Novartis, the Swiss Acquisition-Giant from Basel, has once again taken bought a small chunk of shares from the Israel biotech scene for only $15M (2.5%), instead of making a final solid purchase. The Jerusalem biotech Gamida Cell, which has a stem-cell therapies for hematological diseases (leukemia and various types of anemia), was underwhelmed a second time by Novartis’ tentative attitude, despite it already owning a 15% stake in the company. So why is it Novartis is so hesitant?
Gamida Cell is a stem-cell therapy specialist from Jerusalem (Israel). Having a broad R&D scope to include cancers (specifically of the blood) and other hematological diseases, their NAM platform for growth of stem-cell grafts has granted them a promising pipeline. The ‘NAM’ platform involves growth of stem cells using a nicotinamide (vitamin B3 based) medium which helps the allogenic stem cell cultures to thrive and not lose their viability over time. This has improved stem-cell graft retention time in vivo for patients, and several products using NAM are currently undergoing trials for Thalassemia, Sickle cell anemia and blood cancers.
Since their NAM platform is soley owned by Gamida, this has in part reduced the cost of trials, making this Israeli biotech even more appealing to the Swiss giant Novartis, who have previously bought up to 15% of their equity-shares (for $35M). So why is it Novartis won’t just out-right acquire them?
It appears a little over-cautious that this acquisition-pro (which can more than afford such a purchase) continues to take only small bites of the Gamida shares. In fact, this dithering approach to investment means Novartis will not have any rights or access to Gamida cell products under the current terms (according to Reuters), which surely isn’t so appealing…?
Another of Gamida’s major share-holders (Elbit Imaging) had previously disclosed how Novartis had actually backed out of a $600M opportunity to buy the biotech again, after a similar offer was made during 2014. The total cost would be broken down into a lump $165M followed by $435M in milestone payments for their product NiCord, which will now enter its phase III trials in Q2-Q3 2016. Since NiCord is the first therapy of its kind (using stem cells derived from a single unit of umbilical cord blood), it’s hard to discern where Novartis is (or isn’t) going with this.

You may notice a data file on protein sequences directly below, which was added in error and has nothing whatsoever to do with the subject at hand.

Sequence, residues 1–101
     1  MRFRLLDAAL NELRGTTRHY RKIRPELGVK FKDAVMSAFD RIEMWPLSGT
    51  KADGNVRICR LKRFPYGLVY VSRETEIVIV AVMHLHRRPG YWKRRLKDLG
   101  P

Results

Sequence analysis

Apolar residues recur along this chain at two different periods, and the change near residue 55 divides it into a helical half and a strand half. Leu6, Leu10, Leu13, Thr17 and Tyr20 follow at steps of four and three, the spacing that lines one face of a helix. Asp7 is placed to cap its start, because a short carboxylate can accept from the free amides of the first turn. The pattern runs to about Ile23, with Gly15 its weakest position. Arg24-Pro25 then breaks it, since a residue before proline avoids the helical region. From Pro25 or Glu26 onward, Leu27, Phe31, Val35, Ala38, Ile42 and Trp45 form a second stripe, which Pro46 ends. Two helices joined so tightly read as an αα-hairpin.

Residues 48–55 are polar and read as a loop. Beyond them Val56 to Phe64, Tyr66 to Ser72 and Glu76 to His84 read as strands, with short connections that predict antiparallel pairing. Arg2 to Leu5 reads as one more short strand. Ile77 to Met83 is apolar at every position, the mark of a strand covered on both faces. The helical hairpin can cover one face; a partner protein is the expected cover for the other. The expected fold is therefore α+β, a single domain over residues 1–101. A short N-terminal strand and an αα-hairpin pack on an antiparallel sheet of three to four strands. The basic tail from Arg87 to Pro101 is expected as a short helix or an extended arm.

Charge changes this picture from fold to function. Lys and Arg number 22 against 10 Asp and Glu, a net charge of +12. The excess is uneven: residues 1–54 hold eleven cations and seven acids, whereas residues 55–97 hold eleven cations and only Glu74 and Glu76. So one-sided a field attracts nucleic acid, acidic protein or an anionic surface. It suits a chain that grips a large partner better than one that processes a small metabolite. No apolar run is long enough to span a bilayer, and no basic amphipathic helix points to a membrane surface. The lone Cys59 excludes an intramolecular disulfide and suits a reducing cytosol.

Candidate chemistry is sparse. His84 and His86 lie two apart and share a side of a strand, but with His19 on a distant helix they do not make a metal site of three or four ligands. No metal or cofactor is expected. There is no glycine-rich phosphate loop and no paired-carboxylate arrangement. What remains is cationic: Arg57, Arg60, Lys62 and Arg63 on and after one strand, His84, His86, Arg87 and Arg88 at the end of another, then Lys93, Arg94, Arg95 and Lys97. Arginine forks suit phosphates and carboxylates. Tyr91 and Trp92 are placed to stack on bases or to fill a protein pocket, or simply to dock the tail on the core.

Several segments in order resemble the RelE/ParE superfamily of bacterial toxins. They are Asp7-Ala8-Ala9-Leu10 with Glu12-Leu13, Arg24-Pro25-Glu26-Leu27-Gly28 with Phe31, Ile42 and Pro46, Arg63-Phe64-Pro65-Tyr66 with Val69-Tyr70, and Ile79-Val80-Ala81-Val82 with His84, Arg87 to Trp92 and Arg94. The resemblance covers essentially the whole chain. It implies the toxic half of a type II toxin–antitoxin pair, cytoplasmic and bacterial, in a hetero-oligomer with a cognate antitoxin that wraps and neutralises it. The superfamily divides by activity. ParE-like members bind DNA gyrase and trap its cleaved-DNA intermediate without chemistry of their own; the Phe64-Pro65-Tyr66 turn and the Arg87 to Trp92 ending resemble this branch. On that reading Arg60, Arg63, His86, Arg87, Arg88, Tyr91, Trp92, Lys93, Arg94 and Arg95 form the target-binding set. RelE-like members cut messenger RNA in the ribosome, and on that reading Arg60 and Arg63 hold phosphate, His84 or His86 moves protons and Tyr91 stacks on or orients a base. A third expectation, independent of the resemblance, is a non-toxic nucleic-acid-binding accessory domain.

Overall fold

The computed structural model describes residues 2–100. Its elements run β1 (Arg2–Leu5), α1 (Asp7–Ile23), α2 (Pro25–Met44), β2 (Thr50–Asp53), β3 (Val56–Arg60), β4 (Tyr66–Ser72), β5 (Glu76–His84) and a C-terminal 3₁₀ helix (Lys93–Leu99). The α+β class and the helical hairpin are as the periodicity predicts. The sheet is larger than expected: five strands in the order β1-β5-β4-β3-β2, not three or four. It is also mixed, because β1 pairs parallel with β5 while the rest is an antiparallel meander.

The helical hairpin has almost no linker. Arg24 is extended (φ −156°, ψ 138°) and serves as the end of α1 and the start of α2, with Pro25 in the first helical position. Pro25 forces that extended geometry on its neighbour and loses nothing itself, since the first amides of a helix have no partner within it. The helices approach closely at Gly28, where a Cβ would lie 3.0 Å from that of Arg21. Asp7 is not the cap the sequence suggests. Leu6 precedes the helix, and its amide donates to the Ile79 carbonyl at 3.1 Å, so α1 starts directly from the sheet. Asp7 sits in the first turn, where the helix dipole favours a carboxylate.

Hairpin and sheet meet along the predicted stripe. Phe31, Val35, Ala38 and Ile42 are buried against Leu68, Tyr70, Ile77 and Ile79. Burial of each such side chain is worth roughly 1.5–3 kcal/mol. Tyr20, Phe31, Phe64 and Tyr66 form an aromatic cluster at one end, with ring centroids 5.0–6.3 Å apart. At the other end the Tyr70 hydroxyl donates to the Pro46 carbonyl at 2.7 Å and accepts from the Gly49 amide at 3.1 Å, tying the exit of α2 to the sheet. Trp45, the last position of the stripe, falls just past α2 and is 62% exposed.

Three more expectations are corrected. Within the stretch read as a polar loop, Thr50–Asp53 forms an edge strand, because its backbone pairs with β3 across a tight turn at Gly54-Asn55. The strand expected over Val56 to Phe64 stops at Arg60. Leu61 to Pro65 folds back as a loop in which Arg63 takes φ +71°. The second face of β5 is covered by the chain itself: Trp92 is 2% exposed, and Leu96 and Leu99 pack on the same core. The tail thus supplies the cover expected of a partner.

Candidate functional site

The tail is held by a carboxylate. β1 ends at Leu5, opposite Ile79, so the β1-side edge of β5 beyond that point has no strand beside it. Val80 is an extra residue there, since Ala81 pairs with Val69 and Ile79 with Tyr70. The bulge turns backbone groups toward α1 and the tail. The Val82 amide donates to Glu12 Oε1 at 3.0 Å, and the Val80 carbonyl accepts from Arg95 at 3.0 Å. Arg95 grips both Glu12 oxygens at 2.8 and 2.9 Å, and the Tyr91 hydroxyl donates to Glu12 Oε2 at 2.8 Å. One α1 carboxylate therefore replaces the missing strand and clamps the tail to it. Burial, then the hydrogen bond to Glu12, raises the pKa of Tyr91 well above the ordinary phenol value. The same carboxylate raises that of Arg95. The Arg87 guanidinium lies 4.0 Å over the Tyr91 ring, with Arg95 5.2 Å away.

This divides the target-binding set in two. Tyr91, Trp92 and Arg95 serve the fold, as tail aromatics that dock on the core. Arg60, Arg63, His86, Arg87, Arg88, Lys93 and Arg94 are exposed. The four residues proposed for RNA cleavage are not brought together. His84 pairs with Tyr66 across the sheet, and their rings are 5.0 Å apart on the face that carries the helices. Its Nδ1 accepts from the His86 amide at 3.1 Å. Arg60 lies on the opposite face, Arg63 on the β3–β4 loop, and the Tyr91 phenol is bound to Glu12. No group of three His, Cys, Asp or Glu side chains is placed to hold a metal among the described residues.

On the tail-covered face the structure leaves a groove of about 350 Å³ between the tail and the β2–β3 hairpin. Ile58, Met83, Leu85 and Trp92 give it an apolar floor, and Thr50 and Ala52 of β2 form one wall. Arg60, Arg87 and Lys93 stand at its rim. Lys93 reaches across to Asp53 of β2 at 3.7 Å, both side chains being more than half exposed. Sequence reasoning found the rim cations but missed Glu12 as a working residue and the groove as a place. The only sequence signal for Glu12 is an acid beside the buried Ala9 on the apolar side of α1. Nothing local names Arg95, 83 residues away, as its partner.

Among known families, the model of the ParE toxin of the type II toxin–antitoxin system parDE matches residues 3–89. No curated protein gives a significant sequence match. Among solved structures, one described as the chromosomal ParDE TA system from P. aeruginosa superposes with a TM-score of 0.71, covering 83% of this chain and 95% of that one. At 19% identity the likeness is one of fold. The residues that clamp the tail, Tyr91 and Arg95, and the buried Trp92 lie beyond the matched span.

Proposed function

Perhaps it isn’t so personal to Gamida…but actually the generally hesitant aspiration of Novartis to collect a minor-stake in the Israeli biotech scene for itself. Another underwhelming purchase (for only $10M) went into 12.5% of the Modi’in based biopharma BiolineRX in late 2014.
Interestingly, whilst they have a broader pipeline scope than Gamida, BiolineRX also have a phase II candidate for blood cancer (BL-8040). Norvartis already has a broad hematological disease portfolio, including major drugs such as Tasigna for chronic myeloid leukemia and Exjade for iron overload in Thalassemia. So, seeing as this partnership enables Novartis to have exclusive first rights to license the BiolineRX products presented to them…perhaps they really are eyeing up the BL-8040 candidate? It’s difficult to get to the bottom of what exactly is going on.
[BioLineRx] is meant to take the money, identify the Israeli startups and then acquire the rights to develop their technologies. We will be able to buy these technologies from them, if they advance well” explained Novartis Pharma Chief David Epstein.
With 17.5% in Gamida, and only 12.5% in BiolineRX, it is unusual that there is no direct licensing agreement that has been made. Novartis could simply be taking footholds in the Israel biotech scene, for potential expansion in the future, or perhaps to try and get dibs on all hematological disease developments in the area (after seeing how the phase III trial of NiCord goes)…this is really atypical of the Biotech industry.
So, Novartis: to Israel or not to Israel? That is the question.
Let's Continue The Conversation
Feel free to send us comments about this article to email@example.com and/or comment on that article on social media.